# Tag Info

10

As explained in my answer to Listings and Babel (with some languages) are breaking hyphenation, characters with a non zero \lccode are those that TeX considers as forming words, when hyphenation is tried. Thus in the masters'' only the and masters are considered as words under normal settings, where  and ' have zero \lccode. If \lccode\'=\' ...

5

Thanks to the comments I realised the are two ways to accomplish what I needed. In the examples I'll be using the word Lor'themar. Global definition (in the preamble): \lccode\'=39\hyphenation{Lor'-the-mar} Local definition (in running text): [...] Aethas replied, and Lor'\-the\-mar felt that his controlled tone [...] Both ways seem to be equally ...

0

I found a useful fix at the link below, after many hours of searching: https://github.com/jgm/pandoc/issues/889 Basically change \setmonofont[]{$monofont$} to \setmonofont[Mapping=tex-ansi]{$monofont$}

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\documentclass[a4paper]{article} \usepackage[T1]{fontenc} % enable this to make a WEB template compilable % he <TMPL_VAR ..>'s will be replaced by the template system \catcode<=\active \catcode_=12 \gdef<#1>{\texttt{\textless #1\textgreater}} \begin{document} <TMPL_VAR TEST> <TMPL_IF NAME=TEST> something </TMPL_IF> ...

6

In math mode, typing ' is equivalent to typing ^{\prime}, '' to ^{\prime\prime} and so on. If you need “real” quotes in math mode, you have to define a math character for them. Typing  is not guaranteed to give the desired result. You can define \DeclareMathSymbol{\mlq}{\mathord}{operators}{} \DeclareMathSymbol{\mrq}{\mathord}{operators}{'} Complete ...

8

In math mode ' produces a prime; to get the closing quotation mark in math mode you can use \text from amsmath: \documentclass{book} \usepackage{amsmath} \begin{document} $abc' \quad abc{\text{'}}$ \end{document}

4

In the question Adequate hyphenation of words already containing a hyphen, I was looking for a fully automatic solution (i.e., without special shorthands in the document body and without using \hyphenation or similar commands) to disregard break points less than four characters before and after existing hyphens. From Stephan Henning's answer I learned that ...

1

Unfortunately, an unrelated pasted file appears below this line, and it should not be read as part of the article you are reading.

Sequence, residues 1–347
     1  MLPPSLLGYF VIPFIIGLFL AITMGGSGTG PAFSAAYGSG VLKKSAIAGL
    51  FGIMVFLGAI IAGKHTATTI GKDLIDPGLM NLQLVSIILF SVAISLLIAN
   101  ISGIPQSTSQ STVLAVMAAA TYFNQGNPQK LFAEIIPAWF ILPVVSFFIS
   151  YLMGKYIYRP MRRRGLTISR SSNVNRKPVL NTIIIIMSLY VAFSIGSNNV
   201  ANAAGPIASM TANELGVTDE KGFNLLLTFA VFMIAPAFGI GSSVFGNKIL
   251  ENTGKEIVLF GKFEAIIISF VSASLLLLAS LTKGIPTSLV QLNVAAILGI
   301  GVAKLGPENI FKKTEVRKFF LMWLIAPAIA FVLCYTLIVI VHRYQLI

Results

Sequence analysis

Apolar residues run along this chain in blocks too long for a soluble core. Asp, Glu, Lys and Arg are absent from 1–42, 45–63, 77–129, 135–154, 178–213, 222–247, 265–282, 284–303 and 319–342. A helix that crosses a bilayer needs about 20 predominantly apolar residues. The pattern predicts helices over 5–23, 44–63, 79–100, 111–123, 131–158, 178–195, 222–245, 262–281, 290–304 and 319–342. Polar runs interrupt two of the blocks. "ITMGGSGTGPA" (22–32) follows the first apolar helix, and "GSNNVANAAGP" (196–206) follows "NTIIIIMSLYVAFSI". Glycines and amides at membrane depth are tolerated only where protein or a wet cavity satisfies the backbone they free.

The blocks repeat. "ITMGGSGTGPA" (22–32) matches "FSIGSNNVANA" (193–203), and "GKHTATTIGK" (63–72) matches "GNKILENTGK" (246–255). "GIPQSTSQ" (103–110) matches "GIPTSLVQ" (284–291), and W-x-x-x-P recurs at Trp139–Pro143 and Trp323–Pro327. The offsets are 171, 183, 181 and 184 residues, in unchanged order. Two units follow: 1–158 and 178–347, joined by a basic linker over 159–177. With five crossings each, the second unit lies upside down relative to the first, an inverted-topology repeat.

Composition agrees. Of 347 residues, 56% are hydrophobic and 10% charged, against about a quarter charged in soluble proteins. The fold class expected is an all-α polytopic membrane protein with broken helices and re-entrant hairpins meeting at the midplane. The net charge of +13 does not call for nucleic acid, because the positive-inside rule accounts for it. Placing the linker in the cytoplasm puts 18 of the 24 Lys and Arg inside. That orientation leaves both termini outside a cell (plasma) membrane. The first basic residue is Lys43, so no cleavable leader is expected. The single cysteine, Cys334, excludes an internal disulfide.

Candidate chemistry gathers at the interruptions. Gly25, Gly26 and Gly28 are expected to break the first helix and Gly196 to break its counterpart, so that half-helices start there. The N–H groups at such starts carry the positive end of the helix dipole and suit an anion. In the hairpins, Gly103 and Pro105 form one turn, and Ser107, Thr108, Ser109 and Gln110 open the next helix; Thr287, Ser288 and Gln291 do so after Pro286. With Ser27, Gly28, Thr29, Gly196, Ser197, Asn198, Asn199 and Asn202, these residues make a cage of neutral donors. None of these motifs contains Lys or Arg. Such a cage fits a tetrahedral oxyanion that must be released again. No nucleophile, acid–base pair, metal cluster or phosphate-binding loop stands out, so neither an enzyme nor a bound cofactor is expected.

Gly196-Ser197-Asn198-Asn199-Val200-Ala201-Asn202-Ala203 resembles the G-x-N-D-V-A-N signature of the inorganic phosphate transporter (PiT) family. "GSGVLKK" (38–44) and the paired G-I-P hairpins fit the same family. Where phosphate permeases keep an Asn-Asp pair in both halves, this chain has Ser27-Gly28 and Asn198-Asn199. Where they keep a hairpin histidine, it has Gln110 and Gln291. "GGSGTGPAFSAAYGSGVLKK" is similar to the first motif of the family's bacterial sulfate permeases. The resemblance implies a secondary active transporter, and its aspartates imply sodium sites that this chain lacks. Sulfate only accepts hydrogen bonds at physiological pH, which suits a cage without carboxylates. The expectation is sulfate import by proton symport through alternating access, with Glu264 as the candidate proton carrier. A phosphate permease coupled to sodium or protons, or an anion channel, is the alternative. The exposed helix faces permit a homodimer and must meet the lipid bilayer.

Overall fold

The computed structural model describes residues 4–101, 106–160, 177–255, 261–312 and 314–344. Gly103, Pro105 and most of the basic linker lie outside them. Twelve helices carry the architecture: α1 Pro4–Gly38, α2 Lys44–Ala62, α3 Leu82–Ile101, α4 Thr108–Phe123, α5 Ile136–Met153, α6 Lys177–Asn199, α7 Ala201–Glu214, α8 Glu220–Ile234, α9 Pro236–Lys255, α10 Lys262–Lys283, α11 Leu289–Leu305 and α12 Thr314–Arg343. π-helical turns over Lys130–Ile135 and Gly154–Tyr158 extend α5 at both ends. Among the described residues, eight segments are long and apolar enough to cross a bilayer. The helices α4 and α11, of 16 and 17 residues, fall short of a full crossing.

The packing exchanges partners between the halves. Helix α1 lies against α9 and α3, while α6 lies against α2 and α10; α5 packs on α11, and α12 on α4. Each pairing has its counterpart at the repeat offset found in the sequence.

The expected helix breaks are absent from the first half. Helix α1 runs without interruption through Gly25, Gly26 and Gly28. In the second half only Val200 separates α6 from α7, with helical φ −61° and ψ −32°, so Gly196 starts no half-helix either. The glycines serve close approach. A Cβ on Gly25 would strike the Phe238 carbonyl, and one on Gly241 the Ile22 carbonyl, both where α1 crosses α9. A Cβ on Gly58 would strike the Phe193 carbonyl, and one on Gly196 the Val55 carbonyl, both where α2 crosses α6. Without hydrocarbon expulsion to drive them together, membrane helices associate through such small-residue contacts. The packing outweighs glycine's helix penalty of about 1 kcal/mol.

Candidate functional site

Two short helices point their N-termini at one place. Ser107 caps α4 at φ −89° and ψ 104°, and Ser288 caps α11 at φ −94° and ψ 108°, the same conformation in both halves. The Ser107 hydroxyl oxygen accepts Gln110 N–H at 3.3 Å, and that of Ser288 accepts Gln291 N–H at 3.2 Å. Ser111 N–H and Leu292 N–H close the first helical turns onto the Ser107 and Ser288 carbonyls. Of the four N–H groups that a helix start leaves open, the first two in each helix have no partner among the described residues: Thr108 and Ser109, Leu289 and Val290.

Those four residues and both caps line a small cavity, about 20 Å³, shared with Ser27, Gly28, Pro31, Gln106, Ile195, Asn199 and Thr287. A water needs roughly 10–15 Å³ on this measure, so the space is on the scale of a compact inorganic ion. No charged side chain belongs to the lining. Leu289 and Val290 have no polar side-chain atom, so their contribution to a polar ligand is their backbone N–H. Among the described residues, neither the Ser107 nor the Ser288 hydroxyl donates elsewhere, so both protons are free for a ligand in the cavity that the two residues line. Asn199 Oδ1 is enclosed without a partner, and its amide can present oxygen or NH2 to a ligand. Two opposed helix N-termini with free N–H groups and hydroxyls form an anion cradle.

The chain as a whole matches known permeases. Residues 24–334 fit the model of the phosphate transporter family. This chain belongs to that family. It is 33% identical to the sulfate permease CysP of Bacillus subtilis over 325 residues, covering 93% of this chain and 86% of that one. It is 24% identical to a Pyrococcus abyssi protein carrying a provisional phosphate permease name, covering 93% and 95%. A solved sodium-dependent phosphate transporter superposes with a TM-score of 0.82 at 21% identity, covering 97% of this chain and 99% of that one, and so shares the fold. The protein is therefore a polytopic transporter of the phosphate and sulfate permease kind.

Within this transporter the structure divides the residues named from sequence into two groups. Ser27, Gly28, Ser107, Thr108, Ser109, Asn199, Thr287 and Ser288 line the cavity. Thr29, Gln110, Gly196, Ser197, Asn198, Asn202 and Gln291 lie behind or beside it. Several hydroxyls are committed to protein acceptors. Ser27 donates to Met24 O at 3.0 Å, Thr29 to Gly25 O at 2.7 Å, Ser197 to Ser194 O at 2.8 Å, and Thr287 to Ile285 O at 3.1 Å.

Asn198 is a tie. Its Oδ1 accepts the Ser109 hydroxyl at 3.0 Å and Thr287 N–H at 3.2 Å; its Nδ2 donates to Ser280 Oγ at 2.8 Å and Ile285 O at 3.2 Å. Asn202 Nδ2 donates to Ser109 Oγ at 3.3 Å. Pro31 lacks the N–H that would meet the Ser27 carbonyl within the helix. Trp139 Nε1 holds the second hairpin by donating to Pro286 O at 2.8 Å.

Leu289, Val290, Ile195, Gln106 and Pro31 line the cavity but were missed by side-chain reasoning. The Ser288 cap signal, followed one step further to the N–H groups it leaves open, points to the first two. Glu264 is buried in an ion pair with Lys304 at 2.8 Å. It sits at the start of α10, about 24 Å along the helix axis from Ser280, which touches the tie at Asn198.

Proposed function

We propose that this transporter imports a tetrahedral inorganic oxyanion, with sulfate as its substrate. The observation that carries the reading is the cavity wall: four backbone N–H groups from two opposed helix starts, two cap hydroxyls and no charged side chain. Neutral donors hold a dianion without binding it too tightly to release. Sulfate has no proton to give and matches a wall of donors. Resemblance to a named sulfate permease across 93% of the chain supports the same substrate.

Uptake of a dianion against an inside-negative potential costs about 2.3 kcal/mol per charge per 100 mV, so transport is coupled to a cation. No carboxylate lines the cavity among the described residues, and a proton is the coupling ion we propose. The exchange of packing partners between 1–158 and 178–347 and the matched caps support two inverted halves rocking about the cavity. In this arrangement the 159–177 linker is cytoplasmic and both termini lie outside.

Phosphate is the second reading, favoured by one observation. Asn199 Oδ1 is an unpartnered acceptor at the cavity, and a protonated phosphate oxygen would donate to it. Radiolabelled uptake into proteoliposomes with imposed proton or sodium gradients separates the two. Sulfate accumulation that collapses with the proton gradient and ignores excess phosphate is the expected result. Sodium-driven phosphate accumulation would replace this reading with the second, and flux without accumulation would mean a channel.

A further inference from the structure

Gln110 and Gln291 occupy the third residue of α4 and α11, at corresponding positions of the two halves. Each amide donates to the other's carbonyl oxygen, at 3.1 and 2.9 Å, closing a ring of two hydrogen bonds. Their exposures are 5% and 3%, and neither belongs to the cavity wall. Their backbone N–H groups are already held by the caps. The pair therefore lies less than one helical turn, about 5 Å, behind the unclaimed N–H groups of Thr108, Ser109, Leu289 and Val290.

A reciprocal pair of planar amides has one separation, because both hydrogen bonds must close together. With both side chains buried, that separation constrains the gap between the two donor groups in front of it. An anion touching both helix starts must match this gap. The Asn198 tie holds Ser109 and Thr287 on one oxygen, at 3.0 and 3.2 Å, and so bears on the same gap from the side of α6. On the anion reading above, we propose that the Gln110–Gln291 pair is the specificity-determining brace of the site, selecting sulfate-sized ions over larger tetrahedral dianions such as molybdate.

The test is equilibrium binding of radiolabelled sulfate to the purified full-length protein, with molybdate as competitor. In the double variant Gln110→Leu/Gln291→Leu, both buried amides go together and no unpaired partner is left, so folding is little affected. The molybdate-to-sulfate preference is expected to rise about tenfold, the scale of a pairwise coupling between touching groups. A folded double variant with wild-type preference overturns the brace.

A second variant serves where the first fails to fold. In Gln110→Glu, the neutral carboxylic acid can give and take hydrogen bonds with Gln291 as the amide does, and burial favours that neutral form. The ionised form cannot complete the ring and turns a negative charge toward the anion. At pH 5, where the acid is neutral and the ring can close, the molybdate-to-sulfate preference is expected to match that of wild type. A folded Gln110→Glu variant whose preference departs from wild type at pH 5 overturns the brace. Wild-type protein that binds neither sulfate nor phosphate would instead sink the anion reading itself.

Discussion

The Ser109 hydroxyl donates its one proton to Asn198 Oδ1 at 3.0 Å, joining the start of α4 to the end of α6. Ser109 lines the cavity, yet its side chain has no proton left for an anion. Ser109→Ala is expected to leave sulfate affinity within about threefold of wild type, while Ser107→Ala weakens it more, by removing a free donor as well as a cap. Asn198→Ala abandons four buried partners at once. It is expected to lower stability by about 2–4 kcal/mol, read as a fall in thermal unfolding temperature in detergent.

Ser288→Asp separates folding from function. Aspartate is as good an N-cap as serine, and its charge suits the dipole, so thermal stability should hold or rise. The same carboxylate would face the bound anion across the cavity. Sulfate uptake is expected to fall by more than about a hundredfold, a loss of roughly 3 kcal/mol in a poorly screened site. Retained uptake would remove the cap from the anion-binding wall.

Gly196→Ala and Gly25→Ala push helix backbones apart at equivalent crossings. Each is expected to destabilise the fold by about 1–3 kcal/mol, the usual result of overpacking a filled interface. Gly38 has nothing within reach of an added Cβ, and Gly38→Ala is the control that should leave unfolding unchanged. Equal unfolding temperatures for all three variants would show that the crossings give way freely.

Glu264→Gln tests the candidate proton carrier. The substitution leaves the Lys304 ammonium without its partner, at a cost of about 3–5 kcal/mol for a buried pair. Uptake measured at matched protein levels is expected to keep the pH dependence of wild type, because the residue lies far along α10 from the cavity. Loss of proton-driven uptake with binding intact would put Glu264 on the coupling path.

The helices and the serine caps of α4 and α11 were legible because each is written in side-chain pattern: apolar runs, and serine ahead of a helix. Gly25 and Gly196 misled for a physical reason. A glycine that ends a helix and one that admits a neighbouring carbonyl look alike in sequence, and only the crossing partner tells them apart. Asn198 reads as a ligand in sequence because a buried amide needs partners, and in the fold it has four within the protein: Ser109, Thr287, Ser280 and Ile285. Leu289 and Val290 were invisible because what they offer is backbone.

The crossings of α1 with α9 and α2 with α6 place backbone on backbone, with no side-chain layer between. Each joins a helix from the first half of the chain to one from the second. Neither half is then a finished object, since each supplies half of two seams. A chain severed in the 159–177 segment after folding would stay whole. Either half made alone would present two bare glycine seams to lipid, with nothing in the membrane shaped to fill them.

Thanks Alvaro. Additionally I have figured out how to do this code (to get commas everywhere, except at the end): ARTICLE: Change function output.nonnull with: FUNCTION {output.nonnull} { 's := output.state mid.sentence = { ", " * write$} { output.state after.block = % { add.period$ write${ ", " * write$ newline$... 9 The definition of \thinspace is % latex.ltx, line 1315: \def\thinspace{\kern .16667em } so it's a kern; since it's not followed by glue it's not a feasible line break point. You probably want \hspace{.16667em} instead of it; then \allowbreak is not needed. On the other hand, \ignorespaces does nothing at all where you place it, because its only action ... 4 The separator is defined under FUNCTION {output.nonnull} in the bst file. Specifically, in your file physicsFNM, locate these lines: ... FUNCTION {output.nonnull} { 's := output.state mid.sentence = { ", " * write$ } { output.state after.block = { add.period$write$ ... The last line (which corresponds to line 83 on your file) should be ...

6

With LuaTeX, a simple solution is to enter explicit hyphens in the \hyphenation command as =. \hyphenation{Ar-beiter=Unfall-ver-si-che-rung} \showhyphens{Arbeiter-Unfallversicherung} \bye After compiling this document with LuaTeX, the .log file shows that hyphenation is possible [][] \tenrm Ar-beiter-Unfall-ver-si-che-rung with hyphenations ...

1

See egreg’s answer to question Why can words with hyphen char not be hyphenated? Indeed, if you try the following example, you'll see that TeX hyphenates the compound word: \documentclass{article} \usepackage[T1]{fontenc} \usepackage[ngerman]{babel} \begin{document} \hyphenchar\font=\string"7F \parbox{1pt}{In Baden-W\"urttemberg} \end{document}

6

Inside the optional argument of \beginsong you need an extra pair of braces around the opening quotation marks, as in {,,} , or to use „ or \quotedblbase: \documentclass[a4paper,12pt]{mwart} \usepackage[lyric]{songs} \setlength{\oddsidemargin}{0in} \setlength{\evensidemargin}{0in} \setlength{\textwidth}{6.5in} \setlength{\topmargin}{0in} ...

5

Simple answer: You can use \newcommand{\creflastconjunction}{, and~} From the manual: \creflastconjunction is used between the penultimate and final cross-reference in a list of more than two [pg. 12, at least for the 2012-03-07 version of the manual I have] Redoing your example: \documentclass{article} \usepackage$standard${ntheorem} ...

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You can use \crefmultiformat: \documentclass{article} \usepackage[standard]{ntheorem} \usepackage{cleveref} \crefmultiformat{proposition}{propositions~#2#1#3}% { and~#2#1#3}{, #2#1#3}{, and~#2#1#3} \begin{document} \begin{proposition}\label{thm:roses} Roses are red. \end{proposition} \begin{proposition}\label{thm:violets} Violets are blue. ...

3

Declare \mlq and so on as \mathrel, because TeX doesn't add space between consecutive relation symbols: \documentclass[varwidth,border=3pt]{standalone} \usepackage{amsmath} \DeclareMathSymbol{\mlq}{\mathrel}{operators}{} \DeclareMathSymbol{\mrq}{\mathrel}{operators}{'} \DeclareMathSymbol{\mlqq}{\mathrel}{operators}{"5C} ...

1

As indicated in my comment, you must enclose the \rightarrow in braces to shield it from operating on the surrounding quotation marks. \documentclass{standalone} \usepackage{varwidth} \usepackage{amsmath} \DeclareMathSymbol{\mlq}{\mathord}{operators}{} \DeclareMathSymbol{\mrq}{\mathord}{operators}{'} \begin{document} \begin{varwidth}{\linewidth} \$Op ...

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